On March 15, the OCC released both a Draft Licensing Manual Supplement for Evaluating Charter Applications From Financial Technology Companies (“Draft Fintech Supplement”) and a Summary of Comments and Explanatory Statement (“March 2017 Guidance Summary”) (together, “March 2017 Guidance Documents”) in which it provides additional detail concerning application of its existing licensing standards, regulations, and policies in the context of Fintech companies applying for special purpose national bank charters. The Draft Fintech Supplement is intended to supplement the agency’s existing Licensing Manual. The March 2017 Guidance Summary addresses key issues raised by commenters, offers further explanation as to the OCC’s decision to consider applications from Fintech companies for an Special Purpose National Bank (“SPNB”) charter, and provides guidance to Fintech companies that may one day wish to file a charter application.
The March 2017 Guidance Documents emphasize, among other things, certain “guid[ing]” principles including: (i) “[t]he OCC will not allow the inappropriate commingling of banking and commerce”; (ii) “[t]he OCC will not allow products with predatory features nor will it allow unfair or deceptive acts or practices”; and (iii) “[t]here will be no “light-touch” supervision of companies that have an SPNB charter. Any Fintech companies granted such charters will be held to the same high standards that all federally chartered banks must meet.” Through its commitment to (and alignment with) these principles, the OCC “believes that making SPNB charters available to qualified [FinTech] companies would be in the public interest.”
Notably, the OCC emphasized that its latest Fintech guidance “is consistent with its guiding principles published in March 2016” and “also reflects the agency’s careful consideration of comments received (covered by InfoBytes here) on its December 2016 paper discussing issues associated with chartering Fintech companies.” As covered in a recent InfoBytes Special Alert, the OCC has, over the past several months, taken a series of carefully calculated steps to position itself as a leading regulator of Fintech companies.
Finally, although it does not ordinarily solicit comments on procedural manuals or supplements, the OCC will be accepting comments on the aforementioned Fintech guidance through close of business April 14.
OCC Chief Issues Remarks on Fintech Charter Plan; Federal Reserve Governor Highlights Virtual Currency Risks
On March 6, Thomas Curry, Comptroller of the Office of the Comptroller of the Currency (OCC) spoke at the LendIt USA 2017 conference and addressed arguments against the regulator’s authority to provide charters to Fintech firms as presented in its December 2016 white paper, Exploring Special Purpose National Bank Charters for Fintech Companies (see InfoBytes Special Alert). Curry stated, “[T]he National Bank Act  give[s] the OCC the legal authority to grant national bank charters to companies engaged in the business of banking,” and added that “[i]t is not circumscribed just because a company delivers banking services in new ways with innovative technology.” Curry says the OCC plans to publish a supplemental document to clarify ways it will evaluate Fintech companies that apply for charters.
Regarding the risks posed by institutions creating their own virtual currencies, Federal Reserve’s lead governor, Jerome Powell, said in remarks made to Yale University on March 3 that the risks and technological challenges are far too high for central banks to undertake. “Any central bank actively considering issuing its own digital currency would need to carefully consider the full range of the payments system and other policy issues, which do seem substantial, as well as the potential societal benefits,” said Powell. “I would expect private-sector systems to be more forward-leaning than central banks in providing new features to the public through faster payments systems as they compete to attract retail customers,” Powell said. “A central bank-issued digital currency would compete with these and other innovative private-sector products and may stifle innovation over the long run.”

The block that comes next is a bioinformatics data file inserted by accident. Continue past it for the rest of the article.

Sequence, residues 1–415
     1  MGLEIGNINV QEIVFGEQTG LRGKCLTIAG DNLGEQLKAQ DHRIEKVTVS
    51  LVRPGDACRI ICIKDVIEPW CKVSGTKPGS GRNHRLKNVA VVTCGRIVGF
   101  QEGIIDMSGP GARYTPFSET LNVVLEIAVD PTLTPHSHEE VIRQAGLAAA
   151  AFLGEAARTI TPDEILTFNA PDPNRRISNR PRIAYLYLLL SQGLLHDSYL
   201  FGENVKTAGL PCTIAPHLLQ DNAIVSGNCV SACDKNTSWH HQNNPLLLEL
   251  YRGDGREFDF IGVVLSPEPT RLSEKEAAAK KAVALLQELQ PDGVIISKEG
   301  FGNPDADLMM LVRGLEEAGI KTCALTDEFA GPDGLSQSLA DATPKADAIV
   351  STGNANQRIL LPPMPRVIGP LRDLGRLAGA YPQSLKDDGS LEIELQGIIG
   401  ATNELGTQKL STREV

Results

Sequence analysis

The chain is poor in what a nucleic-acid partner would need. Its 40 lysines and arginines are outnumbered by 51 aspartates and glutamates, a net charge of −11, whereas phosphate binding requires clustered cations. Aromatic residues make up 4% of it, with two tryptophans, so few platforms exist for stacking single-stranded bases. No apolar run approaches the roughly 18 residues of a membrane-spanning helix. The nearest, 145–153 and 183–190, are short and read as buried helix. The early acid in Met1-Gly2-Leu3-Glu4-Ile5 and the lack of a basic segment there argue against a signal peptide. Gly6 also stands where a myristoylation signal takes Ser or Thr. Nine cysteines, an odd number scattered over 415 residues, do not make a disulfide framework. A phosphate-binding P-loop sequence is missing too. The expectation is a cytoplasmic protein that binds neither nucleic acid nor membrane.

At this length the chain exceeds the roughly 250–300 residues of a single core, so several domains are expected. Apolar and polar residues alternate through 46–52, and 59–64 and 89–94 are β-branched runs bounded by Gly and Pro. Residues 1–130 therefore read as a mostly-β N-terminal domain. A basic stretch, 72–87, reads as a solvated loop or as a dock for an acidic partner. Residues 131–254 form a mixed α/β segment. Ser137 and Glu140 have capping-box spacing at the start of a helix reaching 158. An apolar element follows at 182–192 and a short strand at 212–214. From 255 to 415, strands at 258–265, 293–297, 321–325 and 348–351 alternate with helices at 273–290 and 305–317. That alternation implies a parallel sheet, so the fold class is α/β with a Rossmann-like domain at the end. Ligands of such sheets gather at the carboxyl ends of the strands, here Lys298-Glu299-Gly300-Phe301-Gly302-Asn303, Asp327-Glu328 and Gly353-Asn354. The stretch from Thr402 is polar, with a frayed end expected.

OCC to Host Credit Risk and Operational Workshops for Directors of National Community Banks and Federal Savings Associations; Banking Agencies to Conduct Webinar to Introduce New FFIEC Call Report
On March 2, the Office of the Comptroller of the Currency (OCC) announced that it will host two workshops in Phoenix on April 11-12 for directors of OCC supervised national community banks and federal associations. The Credit Risk workshop (April 11) will cover strategies to recognize trends and problems in credit risk within the loan portfolio, and the Operational Risk workshop (April 12) will discuss key components of operational risk, governance, third-party risk, vendor management, and cybersecurity.
Also on March 2, four members of the Federal Financial Institutions Examination Council (FFIEC) (Federal Reserve Board, Federal Deposit Insurance Corporation, Office of the Comptroller of the Currency, and the Conference of State Bank Supervisors) announced the implementation of the new streamlined FFIEC 051 Call Report, effective March 31, 2017, that will introduce burden-reducing changes to the existing versions of the Call Report and will be available to eligible small institutions. “’Eligible small institutions’ are [defined as] institutions with domestic offices only and total assets of less than $1 billion, excluding those that are advanced approaches institutions for regulatory capital purposes.” The revisions to the requirements are subject to approval by the OMB. On March 8, the FFIEC will conduct a webinar from 2:00 p.m. to 3:30 p.m. ET to introduce the new Call Report and explain the revisions.